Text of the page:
Janay Peters/Unsplash

The annual celebration known as Black History Month began as “Negro History Week” in 1926. Historian Carter G. Woodson picked the timing for this commemorative week to coincide with the birthdates of Abraham Lincoln and Frederick Douglass, two figures who were greatly respected among African Americans in the early 20th century.

Today, Black History Month is recognized in schools and by some corporations. Congregations, especially in the West, also need to pay close attention to Black History Month – because Black history is church history.

Contemporary conversations about race, justice and equity lack substance when we do not know and appreciate history. Likewise, our appreciation for the Christian tradition requires us to have a complete vision of our past.

The roots of Black history in Christianity extend well past 1619, when the first enslaved Africans arrived in Jamestown, Virginia. In Acts 8, Philip evangelized an Ethiopian eunuch, who carried the gospel back to Ethiopia. In Mark 15:21, Simon of Cyrene was compelled to carry Jesus’ cross. Cyrene was a city in eastern Libya, in north Africa. Moses’s wife Zipporah, according to Numbers 12, was from Cush, an ancient name for Africa.

These are just a few of the biblical stories that highlight the gift of Black history – and early church historians agree that Augustine and Tertullian were also people of African descent, even though no one knows how they looked.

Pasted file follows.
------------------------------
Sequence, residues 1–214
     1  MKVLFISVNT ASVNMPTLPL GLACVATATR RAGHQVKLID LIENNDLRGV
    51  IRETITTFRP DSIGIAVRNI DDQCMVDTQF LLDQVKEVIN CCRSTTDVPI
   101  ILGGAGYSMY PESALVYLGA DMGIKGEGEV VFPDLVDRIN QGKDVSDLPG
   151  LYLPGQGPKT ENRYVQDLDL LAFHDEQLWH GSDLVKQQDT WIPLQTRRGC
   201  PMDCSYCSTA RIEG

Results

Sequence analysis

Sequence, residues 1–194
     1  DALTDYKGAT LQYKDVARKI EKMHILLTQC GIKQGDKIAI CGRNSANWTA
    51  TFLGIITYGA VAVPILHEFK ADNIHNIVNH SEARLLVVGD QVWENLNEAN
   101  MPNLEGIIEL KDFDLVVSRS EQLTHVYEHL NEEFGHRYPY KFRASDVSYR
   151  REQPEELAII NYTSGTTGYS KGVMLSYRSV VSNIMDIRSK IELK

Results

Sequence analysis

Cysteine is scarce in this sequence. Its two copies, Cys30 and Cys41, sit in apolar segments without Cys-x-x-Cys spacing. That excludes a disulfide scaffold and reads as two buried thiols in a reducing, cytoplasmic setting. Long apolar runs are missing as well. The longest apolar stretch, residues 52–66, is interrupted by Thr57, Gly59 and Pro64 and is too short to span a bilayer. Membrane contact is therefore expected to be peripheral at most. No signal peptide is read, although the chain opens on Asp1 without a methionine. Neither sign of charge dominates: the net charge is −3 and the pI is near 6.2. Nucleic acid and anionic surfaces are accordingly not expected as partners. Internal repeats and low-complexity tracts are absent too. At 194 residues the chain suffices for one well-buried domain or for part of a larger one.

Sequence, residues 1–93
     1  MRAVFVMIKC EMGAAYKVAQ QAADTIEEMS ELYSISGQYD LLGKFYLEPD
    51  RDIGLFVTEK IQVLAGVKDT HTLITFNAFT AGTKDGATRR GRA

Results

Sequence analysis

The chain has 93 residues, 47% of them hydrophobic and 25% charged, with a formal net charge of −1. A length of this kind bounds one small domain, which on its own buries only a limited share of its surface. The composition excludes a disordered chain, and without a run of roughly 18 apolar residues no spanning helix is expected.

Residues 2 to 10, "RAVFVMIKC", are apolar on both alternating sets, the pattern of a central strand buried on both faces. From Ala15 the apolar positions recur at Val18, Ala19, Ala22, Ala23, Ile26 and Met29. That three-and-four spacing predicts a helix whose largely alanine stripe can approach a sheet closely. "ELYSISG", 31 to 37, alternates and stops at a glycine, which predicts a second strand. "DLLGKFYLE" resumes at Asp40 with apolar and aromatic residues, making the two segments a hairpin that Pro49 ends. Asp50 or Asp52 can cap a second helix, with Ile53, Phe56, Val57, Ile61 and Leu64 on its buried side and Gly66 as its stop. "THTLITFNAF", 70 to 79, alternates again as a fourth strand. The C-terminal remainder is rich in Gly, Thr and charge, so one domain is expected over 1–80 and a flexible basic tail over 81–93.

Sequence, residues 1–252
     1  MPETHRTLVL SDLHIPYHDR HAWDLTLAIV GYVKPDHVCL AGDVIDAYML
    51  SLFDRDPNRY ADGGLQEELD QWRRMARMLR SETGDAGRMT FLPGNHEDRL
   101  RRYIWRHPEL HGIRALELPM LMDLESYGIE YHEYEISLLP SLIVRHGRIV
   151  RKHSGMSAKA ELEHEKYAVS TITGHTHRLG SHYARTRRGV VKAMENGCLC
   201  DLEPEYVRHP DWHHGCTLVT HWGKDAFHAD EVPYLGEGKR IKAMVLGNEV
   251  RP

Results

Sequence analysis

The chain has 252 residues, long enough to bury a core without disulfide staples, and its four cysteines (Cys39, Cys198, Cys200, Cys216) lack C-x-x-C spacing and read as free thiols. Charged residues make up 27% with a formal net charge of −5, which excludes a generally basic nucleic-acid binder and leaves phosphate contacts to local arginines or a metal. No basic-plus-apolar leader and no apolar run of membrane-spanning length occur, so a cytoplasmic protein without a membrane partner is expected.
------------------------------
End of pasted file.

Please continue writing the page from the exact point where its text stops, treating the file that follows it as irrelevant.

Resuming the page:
As we celebrate Black History Month, how might our thinking be informed if our historical narratives – along with the images in our Bibles and in our churches – more accurately reflected the contributions of a multicultural “cloud of witnesses”?


Before you go…

Jesus told us that the truth will make us free. White and Black churches alike are imprisoned by colonialist thinking that perpetuates the marginalization of non-white people.

I’ll admit it’s a modest proposal, but highlighting the African presence in the Bible and the contributions of African Americans in church history can make room for us to revisit long-held but historically inaccurate beliefs. Perhaps this month is an opportunity to read the Bible with fresh eyes and celebrate the gift of Black history.

Feel free to email me and the Alban Weekly team at alban@duke.edu. Keep leading with courage!

Prince Rivers

Editor, Alban at Duke Divinity

More on this topic

The Jubilee years of ministry

For some Alban readers, ...